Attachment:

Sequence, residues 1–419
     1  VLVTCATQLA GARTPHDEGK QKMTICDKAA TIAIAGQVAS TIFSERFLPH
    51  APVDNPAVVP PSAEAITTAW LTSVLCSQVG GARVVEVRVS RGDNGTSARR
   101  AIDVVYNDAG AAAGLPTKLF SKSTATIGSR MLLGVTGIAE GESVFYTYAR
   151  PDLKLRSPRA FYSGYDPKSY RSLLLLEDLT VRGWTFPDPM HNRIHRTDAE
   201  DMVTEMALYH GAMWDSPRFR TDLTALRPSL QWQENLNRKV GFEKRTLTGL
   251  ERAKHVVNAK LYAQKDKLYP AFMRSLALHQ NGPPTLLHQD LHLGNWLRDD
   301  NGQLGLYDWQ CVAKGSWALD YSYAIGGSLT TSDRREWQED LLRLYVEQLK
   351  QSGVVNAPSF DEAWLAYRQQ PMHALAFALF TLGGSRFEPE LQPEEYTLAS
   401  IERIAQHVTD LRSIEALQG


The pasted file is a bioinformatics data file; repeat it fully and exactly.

Sequence, residues 1–419
     1  VLVTCATQLA GARTPHDEGK QKMTICDKAA TIAIAGQVAS TIFSERFLPH
    51  APVDNPAVVP PSAEAITTAW LTSVLCSQVG GARVVEVRVS RGDNGTSARR
   101  AIDVVYNDAG AAAGLPTKLF SKSTATIGSR MLLGVTGIAE GESVFYTYAR
   151  PDLKLRSPRA FYSGYDPKSY RSLLLLEDLT VRGWTFPDPM HNRIHRTDAE
   201  DMVTEMALYH GAMWDSPRFR TDLTALRPSL QWQENLNRKV GFEKRTLTGL
   251  ERAKHVVNAK LYAQKDKLYP AFMRSLALHQ NGPPTLLHQD LHLGNWLRDD
   301  NGQLGLYDWQ CVAKGSWALD YSYAIGGSLT TSDRREWQED LLRLYVEQLK
   351  QSGVVNAPSF DEAWLAYRQQ PMHALAFALF TLGGSRFEPE LQPEEYTLAS
   401  IERIAQHVTD LRSIEALQG